AFTER MORE than a year since the idea was first mooted by film director and avid car collector James Glickenhaus, the Scuderia Cameron Glickenhaus Boot has been fired up and left the workshop floor.
Destined for its public debut at this weekend’s The Quail at the Monterey Car Week, the SCG Boot was envisioned as a modern day interpretation of Steve McQueen’s Hurst Baja Boot, a custom Baja-ready 4x4 that was built in secret by GM designer, Vic Hickey.
Said to have been built in less than a month, the Hurst Baja Boot was built from steel tubing and was cobbled together with a 350ci small-block V8 that was mounted between the passenger cell and rear axle, Corvette rear-drive assemblies, Oldsmobile Toronado axle shafts, and a Dana transfer case.
McQueen used the Baja Boot in several off-road events including the famous and gruelling Baja 1000 in 1969, of which the actor managed 237 miles of the 1000-mile race before the transmission gave up.
The SCG Boot takes after the original’s minimalist design ethos, with almost no front or rear overhangs, a mid-mounted 340kW LT1 V8 engine and suspension travel of 19 inches. Plus, it’s fully capable of taking on the full Baja 1000.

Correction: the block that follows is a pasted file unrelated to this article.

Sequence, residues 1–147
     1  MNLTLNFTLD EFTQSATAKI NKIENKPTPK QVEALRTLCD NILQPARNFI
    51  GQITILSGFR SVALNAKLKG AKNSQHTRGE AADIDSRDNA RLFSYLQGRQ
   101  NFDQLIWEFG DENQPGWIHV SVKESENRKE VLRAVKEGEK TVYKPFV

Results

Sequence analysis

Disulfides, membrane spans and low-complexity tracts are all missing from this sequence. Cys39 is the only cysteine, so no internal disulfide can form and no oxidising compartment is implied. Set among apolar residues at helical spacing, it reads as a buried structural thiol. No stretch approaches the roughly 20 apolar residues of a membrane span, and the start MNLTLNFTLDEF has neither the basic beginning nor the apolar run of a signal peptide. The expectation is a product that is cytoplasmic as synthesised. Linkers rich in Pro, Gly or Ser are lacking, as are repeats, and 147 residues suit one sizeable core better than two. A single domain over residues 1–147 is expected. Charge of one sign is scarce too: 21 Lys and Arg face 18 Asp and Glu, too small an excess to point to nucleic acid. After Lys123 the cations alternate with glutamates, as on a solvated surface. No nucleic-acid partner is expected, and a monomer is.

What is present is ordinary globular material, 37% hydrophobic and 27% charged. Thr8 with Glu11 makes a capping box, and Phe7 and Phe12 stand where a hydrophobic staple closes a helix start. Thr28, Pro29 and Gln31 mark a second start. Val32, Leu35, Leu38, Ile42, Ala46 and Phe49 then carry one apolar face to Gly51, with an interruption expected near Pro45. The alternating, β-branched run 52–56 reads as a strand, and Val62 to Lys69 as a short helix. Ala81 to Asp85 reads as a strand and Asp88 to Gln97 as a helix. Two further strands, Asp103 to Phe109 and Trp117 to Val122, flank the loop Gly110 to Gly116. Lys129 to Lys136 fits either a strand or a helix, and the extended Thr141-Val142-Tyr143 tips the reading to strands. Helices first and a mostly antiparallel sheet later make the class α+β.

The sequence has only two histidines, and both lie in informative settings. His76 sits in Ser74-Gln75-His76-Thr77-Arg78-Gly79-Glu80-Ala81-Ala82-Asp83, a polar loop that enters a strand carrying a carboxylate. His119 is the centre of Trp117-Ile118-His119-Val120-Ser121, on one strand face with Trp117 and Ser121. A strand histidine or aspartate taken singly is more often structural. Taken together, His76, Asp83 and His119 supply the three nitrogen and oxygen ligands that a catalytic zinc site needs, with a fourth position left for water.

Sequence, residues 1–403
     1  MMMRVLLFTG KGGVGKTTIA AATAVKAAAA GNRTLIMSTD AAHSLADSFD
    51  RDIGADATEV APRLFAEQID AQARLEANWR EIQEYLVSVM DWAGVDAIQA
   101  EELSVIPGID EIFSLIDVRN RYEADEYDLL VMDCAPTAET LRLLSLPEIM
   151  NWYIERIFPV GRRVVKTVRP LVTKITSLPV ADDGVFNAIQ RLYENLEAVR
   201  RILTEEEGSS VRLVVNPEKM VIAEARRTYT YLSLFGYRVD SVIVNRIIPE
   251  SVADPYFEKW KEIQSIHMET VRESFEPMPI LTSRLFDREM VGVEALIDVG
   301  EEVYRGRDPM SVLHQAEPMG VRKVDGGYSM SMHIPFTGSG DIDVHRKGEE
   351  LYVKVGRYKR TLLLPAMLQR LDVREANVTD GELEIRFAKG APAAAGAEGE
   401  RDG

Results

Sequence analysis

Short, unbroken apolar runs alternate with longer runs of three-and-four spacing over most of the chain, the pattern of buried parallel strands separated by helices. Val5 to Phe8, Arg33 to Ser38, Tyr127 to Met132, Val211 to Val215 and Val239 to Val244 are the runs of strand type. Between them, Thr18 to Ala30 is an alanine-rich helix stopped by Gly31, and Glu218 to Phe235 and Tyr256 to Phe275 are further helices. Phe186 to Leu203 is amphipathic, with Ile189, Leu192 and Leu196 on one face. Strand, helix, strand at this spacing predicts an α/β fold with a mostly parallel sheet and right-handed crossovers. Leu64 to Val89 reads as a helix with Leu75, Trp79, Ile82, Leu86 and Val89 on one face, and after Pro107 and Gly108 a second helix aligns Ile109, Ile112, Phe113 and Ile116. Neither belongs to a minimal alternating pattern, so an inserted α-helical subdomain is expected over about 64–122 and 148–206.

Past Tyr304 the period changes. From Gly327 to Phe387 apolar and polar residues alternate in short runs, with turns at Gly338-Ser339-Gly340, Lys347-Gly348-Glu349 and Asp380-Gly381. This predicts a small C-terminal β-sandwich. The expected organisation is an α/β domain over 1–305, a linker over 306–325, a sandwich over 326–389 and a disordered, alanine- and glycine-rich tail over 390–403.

In other news: ICON 4x4 creates Baja-edition FJ40
While the first production Boot to emerge is a two-door model with a soft top, SCG also previously mooted the idea of producing four-door variants with air-conditioned cockpits – just in case alfresco driving on the tracks isn’t one’s idea of a relaxing weekend.
Glickenhaus, who is best known for commissioning a one-off Pininfarina tribute to Ferrari’s P-Series Le Mans racers – and built and raced several Le Mans racers under the SCG banner – is the current owner of the original Baja Boot, which he bought at an auction in 2010.
Glickenhaus’ decision to make a modern day interpretation of the Baja Boot is not all that surprising considering he owns an original P-series race car and has been basing his racing and road cars around the many classic cars he owns.
Like his previous endeavours, Glickenhaus has big plans for the Boot. Not only does he have plans to put the Boot to the test on some of the world’s most challenging off-road tracks, he has already gotten the NHTSA Low Volume Compliance approval for low volume production.